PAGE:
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If you have to terminate, do it right

By Steve M. Cohen  bio

Terminating an employee is not easy, but with a few missteps or bad luck, it can become a disaster. Workplace disruptions, lawsuits, and even violence can be byproducts of poorly executed terminations.

Most business owners and managers move to dismiss employees for good reason, but the process is so full of potential for bad results that it deserves special attention. A disgruntled former employee may return with a lawyer—or a gun. Even without these twin terrors, poorly handled terminations can result in morale problems for remaining staff or other consequence.

The process is a minefield for several reasons. Employees have significant rights to recourse if they have been wrongly terminated. Many states have employment “at-will” statutes, which seem to mean that employees can be terminated at the will of the employer, but the rules often vary by state. Relying on these statutes can be a big mistake.

The U.S. Department of Labor has also granted formal protected class status to minorities, to people over the age of 40, to women and other large groups. In reality, the only people that can be terminated using employment at-will statutes are white men under the age of 40. If employees fit any other category, they are probably in one or more areas of protected class. Termination of employees in protected classes can be very expensive, if done poorly.

There are some steps that can reduce the risk. The decision to terminate an employee is never easy, but the process can be handled intelligently and humanely by following a few simple rules:

  • Talk to the employee, not the world. Never speak to the employee through the media or other third parties. Publicizing the firing of an employee works against the employer and, in most cases, violates the employee’s rights to confidentiality.
  • Negotiate separation. This is one I really stress. A structured exit has win-win advantages for the employer and the employee. A flat-out termination is a win-lose situation that the employee can turn against the employer by filing wrongful discharge during the statute of limitations, which is up to two years.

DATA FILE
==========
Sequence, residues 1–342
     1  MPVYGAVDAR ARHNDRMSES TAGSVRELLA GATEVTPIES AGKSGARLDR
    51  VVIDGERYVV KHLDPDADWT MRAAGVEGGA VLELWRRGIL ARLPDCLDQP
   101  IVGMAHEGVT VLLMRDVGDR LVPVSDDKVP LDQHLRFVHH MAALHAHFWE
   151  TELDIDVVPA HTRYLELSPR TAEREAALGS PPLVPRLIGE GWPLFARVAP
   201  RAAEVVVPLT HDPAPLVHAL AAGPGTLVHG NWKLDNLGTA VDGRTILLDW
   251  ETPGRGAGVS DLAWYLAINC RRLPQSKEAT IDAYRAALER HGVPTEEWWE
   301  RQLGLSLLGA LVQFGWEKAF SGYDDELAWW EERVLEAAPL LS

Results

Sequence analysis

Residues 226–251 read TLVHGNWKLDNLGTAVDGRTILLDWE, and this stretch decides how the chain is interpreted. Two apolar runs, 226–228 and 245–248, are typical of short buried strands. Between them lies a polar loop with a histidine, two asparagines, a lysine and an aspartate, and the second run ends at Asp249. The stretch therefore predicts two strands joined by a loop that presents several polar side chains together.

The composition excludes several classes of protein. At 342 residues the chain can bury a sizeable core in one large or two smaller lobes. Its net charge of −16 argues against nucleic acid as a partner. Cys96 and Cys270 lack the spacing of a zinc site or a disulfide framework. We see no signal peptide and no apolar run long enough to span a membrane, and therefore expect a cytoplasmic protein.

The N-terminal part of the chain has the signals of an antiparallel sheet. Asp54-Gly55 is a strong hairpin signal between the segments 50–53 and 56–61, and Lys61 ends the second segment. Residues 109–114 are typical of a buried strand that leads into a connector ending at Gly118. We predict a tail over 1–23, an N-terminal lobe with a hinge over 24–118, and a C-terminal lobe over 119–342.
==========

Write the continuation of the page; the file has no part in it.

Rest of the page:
• Take the high road. Never attack an employee with disparaging remarks about personal health, and never break confidentiality rights about a staff member’s medical history by speculating that he or she has or needs a psychiatrist.

In some cases, businesses may need to give in order to get a desired result. I had an area client with a particularly troublesome employee who was threatening an expensive suit over a questionable action by the business. The worker had never been a good fit for the business, and the best move for both parties was helping him with training for another job in order to move on. The training cost the company $30,000, but it was less expensive than a lawsuit and allowed both parties to move forward.

Lawsuits, bad workplace environment, and other issues are not fun. You may be justified in terminating an employee, but take time to make sure the decision is the right one and that it is executed intelligently.

Steve M. Cohen, Ed.D., CMC is President/Partner of Labor Management Advisory Group, Inc. and HR Solutions: On-Call, both based in Kansas City, MO. For more information, visit or call (913) 927-0229.

The above information is shared by a guest contributor and does not necessarily reflect the views of Medical Office Manager.









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